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Leo Frank Family’s ‘Conspiracy of Silence’ About Lynching

Leo Frank had no children. But the Jewish lynching victim’s descendants include nieces, nephews and their children — who were kept in the dark about their famous relative’s 1915 murder.

Cathee Smithline was 18 when her mother, who was Frank’s niece, handed her a 1965 book about the infamous case entitled “A Little Girl Is Dead.” “This is about my uncle,” Marjorie Covell told Smithline, the daughter recalled to the Forward. “I’d like you to read the book and then we will talk about it.”

Smithline, who is 68 and lives in New Jersey, said her mother always found it difficult to talk about the lynching.

Covell’s parents told her that her uncle had died of pneumonia. She didn’t learn that he was actually murdered until 1937, when, at the age of 19, a date took her to see the movie “They Won’t Forget.”

“The guy said: ‘This is about your family,’” Smithline said.

Cathee Smithline, Leo Frank's great niece, says she only found out about the lynching as a teenager from a fictionalized account.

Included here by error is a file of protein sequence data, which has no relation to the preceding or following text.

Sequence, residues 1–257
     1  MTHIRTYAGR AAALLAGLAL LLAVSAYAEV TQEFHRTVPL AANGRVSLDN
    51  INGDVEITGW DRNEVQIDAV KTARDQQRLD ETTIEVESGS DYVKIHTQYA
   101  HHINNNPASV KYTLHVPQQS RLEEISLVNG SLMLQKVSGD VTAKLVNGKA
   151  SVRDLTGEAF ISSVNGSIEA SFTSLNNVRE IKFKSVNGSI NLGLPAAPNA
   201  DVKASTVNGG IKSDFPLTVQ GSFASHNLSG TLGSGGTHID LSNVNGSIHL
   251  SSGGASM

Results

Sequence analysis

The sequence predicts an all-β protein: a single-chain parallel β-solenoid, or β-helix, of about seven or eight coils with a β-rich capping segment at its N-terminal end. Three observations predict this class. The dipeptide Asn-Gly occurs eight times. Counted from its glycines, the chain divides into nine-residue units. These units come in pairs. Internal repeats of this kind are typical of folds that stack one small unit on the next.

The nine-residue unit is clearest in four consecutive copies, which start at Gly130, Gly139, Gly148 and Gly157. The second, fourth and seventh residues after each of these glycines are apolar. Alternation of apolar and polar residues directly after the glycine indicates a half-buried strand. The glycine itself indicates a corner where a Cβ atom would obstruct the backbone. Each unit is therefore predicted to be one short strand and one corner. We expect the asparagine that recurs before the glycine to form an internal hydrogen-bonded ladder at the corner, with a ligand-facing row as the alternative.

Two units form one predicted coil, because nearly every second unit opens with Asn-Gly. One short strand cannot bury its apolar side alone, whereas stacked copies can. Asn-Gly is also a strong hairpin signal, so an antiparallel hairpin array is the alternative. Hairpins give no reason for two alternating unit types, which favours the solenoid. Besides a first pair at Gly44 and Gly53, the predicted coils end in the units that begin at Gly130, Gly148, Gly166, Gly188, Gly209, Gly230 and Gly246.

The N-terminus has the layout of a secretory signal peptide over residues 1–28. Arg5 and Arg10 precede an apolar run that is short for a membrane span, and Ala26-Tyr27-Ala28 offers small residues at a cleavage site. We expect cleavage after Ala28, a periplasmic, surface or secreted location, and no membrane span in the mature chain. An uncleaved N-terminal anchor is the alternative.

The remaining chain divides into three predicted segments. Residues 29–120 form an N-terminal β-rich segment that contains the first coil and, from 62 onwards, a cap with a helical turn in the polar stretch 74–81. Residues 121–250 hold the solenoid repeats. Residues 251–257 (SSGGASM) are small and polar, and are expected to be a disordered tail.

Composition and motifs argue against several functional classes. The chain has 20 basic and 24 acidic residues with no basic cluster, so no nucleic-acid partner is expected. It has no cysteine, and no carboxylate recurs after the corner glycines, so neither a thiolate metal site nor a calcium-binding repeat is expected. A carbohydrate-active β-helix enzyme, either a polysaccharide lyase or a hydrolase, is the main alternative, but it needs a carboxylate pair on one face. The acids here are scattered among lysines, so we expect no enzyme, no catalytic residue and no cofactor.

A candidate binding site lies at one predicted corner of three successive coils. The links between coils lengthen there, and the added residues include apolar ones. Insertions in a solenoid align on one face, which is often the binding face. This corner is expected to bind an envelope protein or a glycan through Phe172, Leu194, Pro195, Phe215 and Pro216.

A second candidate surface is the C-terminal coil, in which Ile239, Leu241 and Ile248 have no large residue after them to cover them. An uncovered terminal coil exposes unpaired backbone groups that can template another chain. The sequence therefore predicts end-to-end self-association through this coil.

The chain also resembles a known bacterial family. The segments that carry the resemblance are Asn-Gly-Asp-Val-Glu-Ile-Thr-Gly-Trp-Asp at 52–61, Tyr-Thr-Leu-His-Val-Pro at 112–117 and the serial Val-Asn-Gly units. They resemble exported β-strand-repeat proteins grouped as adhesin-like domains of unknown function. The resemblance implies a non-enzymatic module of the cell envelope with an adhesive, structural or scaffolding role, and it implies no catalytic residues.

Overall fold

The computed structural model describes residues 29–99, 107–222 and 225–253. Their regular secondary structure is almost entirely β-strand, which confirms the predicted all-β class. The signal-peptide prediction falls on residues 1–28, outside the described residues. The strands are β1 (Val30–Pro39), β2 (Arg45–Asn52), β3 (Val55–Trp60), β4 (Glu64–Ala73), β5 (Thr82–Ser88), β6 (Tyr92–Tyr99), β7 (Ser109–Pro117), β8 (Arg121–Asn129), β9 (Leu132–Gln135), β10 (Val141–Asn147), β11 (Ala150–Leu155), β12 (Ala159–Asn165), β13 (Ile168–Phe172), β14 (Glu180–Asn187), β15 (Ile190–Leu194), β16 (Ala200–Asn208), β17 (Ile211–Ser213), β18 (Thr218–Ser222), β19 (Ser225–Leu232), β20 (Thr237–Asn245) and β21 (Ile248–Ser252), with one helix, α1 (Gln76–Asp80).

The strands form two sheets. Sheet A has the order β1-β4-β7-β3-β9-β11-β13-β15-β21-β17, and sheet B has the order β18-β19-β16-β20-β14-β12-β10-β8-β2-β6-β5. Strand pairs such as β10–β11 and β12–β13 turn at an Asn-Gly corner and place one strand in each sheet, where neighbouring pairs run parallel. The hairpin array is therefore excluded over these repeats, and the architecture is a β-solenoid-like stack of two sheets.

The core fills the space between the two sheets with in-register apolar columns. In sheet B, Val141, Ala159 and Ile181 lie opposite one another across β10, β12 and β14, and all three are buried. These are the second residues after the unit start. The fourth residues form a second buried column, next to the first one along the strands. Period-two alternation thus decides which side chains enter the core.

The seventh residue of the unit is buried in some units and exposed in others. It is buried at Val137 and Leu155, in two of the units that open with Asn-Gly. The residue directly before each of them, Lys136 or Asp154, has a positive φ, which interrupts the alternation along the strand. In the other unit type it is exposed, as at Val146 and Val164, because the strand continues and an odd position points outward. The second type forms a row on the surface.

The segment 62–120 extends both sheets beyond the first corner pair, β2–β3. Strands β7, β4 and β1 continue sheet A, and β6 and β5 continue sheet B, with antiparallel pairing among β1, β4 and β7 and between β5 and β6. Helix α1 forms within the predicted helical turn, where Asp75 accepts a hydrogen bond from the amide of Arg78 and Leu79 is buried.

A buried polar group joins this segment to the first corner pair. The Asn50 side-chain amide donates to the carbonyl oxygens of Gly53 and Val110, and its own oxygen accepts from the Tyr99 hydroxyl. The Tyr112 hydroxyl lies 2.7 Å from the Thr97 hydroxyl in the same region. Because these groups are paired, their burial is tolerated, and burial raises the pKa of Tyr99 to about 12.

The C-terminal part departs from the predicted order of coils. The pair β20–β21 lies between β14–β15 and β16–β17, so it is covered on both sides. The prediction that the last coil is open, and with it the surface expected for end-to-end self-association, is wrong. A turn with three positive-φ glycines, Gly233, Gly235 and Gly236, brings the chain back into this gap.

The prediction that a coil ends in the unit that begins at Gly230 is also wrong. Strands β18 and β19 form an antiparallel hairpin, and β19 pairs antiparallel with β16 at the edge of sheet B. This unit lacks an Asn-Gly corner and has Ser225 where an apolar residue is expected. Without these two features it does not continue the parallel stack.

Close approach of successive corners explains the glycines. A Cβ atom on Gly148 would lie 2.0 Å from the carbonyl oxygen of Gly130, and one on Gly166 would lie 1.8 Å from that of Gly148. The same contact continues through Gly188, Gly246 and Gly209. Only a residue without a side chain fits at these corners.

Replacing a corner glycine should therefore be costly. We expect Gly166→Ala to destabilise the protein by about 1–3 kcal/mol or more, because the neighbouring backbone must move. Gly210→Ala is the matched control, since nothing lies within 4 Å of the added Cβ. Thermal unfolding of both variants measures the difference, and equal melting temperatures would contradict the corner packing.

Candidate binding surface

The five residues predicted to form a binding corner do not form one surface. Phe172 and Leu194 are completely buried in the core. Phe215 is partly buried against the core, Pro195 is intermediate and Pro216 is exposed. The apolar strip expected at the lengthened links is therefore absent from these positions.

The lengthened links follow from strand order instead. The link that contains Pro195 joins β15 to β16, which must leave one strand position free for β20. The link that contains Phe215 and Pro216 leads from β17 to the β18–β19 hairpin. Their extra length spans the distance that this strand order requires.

As soon as she got home, Covell confronted her mother, Marian Stern, who was Leo Frank’s sister. Marian Covell said her mother related “the story of what happened, and told her we will never speak about the subject again.”

Another of Marian Stern’s children, Robert L. Stern, found out about the lynching when he was 14 years old.

Robert L. Stern grew up playing with Leo Frank’s toys, including marbles, a little wooden box and a shark’s tooth. He also inherited Frank’s stamp collection.

During his bus ride to school in Brooklyn, the teenage boy liked to read a regular feature in the New York Daily News about miscarriages of justice. One week, the featured case was that of Leo Frank.

“You have no conception of the anger and consternation which I felt when I read the article,” Stern recalled in an email he wrote Smithline in 2000, when he was in his 80s.

He said that even after he confronted his parents, they “backed off from telling him the whole story.”

Stern believes his parents wanted to spare him the gory details. Even so, he said he strongly disagrees with their decision to keep in the dark about the tragedy in their family.

“It taught me never to hide the truth from your kids on anything truly substantive,” he said.

Contact Paul Berger at [email protected]or on Twitter, @pdberger

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